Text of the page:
The NFL Is Low-Balling The One Man Who Owns A Complete Copy Of Super Bowl I

Associate Editor
02.02.16 24 Comments
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The first Super Bowl was historic for, like, 173,564 different reasons. One of those was the fact that it was the only Super Bowl that was broadcast on two television networks, as both CBS and NBC aired the matchup between the Green Bay Packers and the Kansas City Chiefs. The Packers ended up winning, 35-10, and the biggest sporting event in the United States was born.

There was just one problem: neither CBS nor NBC saved any recordings of the game. The NFL didn’t do this, either. In fact, there is only one known recording of the game, and it is owned by Troy Haupt, a nurse anesthetist who lives in North Carolina. According to the New York Times, Haupt’s biological father inexplicably recorded the game, and his copy sat in the family’s home in Pennsylvania for years, and this year the son tried selling this unusual treasure to the NFL.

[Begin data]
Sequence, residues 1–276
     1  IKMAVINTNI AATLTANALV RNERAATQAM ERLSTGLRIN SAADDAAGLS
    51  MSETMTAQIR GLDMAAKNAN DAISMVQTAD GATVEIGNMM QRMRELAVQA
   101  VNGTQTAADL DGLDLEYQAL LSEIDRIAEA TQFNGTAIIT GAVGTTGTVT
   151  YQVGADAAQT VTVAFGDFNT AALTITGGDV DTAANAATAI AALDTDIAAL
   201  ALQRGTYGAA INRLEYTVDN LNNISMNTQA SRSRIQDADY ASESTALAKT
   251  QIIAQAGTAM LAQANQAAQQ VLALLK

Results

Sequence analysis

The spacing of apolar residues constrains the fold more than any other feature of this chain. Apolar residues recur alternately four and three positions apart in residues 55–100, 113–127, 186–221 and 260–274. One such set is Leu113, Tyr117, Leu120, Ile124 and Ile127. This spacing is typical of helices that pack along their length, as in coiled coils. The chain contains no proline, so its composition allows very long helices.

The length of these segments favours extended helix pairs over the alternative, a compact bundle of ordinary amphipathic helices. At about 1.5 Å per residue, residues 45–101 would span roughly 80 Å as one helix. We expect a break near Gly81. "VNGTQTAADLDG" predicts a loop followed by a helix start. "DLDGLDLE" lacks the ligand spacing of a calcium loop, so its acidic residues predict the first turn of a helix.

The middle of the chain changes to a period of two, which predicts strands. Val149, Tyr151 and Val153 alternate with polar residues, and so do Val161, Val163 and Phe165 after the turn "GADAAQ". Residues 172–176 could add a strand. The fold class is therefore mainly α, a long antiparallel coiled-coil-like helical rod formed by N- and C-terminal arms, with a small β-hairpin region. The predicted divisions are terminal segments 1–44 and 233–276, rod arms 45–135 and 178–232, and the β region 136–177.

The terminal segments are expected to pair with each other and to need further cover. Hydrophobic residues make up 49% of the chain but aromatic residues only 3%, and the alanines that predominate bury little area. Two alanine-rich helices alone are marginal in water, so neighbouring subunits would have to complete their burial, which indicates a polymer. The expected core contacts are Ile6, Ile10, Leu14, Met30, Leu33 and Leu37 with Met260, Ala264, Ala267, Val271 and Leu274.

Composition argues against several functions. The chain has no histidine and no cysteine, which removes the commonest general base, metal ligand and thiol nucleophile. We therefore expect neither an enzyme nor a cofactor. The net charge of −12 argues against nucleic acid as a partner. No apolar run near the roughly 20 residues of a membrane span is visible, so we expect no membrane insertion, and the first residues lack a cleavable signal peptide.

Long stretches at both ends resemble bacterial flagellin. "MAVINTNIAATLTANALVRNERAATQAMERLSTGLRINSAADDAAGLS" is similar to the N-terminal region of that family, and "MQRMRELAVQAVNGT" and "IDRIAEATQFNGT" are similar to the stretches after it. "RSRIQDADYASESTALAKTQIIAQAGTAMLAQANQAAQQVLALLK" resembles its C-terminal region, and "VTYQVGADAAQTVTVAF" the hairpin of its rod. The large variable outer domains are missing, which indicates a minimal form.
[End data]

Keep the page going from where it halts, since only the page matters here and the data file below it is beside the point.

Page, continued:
Haupt’s original offer to the league was $1 million, which was the estimated value Sports Illustrated said the tapes were worth back in 2005. The NFL rejected Haupt and presented its first and only offer: $30,000. Naturally, he turned that down and immediately went to CBS, which gave him a pretty good offer of “an interview for a pregame segment for this year’s game, $25,000, and two tickets to this Sunday’s game.”

That deal fell through reportedly because the NFL stepped in and nixed it, which the league denied. Still, according to the Times, if Haupt tries to sell his recording, the league is going to sue him.

If the league refuses to buy it, he cannot sell the tapes to a third party, like CBS or a collector who would like to own a piece of sports history that was believed to be lost.

“Since you have already indicated that your client is exploring opportunities for exploitation of the N.F.L.’s Super Bowl I copyrighted footage with yet-unidentified third parties,” Dolores DiBella, a league counsel, wrote, “please be aware that any resulting copyright infringement will be considered intentional, subjecting your client and those parties to injunctive relief and special damages, among other remedies.”

There has to be some kind of resolution to this that leads to Haupt selling his tapes, making a pretty penny, and the league gaining ownership. Haupt told the league that he’d like to sell everything jointly and give a portion of both of their earnings to charity, which seems like the best possible scenario for everyone.

(Via the New York Times)

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